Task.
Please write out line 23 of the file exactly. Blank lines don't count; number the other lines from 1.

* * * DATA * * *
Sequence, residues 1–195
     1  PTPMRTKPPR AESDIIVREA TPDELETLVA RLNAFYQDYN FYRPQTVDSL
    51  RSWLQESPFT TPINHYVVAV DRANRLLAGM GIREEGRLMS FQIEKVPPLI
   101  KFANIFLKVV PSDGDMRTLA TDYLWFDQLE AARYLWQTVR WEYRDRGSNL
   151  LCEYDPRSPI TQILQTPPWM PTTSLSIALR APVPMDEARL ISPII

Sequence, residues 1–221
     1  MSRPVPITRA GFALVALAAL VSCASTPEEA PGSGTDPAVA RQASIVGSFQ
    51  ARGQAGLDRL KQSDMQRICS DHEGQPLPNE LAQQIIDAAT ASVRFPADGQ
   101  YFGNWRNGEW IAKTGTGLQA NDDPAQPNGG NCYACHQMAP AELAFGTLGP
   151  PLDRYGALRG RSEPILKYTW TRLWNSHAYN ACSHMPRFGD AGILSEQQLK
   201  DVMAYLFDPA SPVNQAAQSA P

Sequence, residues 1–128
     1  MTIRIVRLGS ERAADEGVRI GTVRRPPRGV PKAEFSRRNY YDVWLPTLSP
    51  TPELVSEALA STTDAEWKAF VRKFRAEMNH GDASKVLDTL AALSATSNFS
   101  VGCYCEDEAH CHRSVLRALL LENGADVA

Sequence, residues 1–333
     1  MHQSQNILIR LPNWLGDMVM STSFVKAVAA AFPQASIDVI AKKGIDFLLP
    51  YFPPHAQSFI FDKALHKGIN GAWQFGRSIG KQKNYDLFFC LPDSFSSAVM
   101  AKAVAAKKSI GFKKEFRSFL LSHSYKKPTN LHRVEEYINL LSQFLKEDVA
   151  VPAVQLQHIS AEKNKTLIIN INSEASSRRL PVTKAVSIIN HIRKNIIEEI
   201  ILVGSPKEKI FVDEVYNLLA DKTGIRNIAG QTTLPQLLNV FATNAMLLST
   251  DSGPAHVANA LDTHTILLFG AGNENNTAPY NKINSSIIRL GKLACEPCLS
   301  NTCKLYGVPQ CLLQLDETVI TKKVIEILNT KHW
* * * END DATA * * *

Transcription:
   301  NTCKLYGVPQ CLLQLDETVI TKKVIEILNT KHW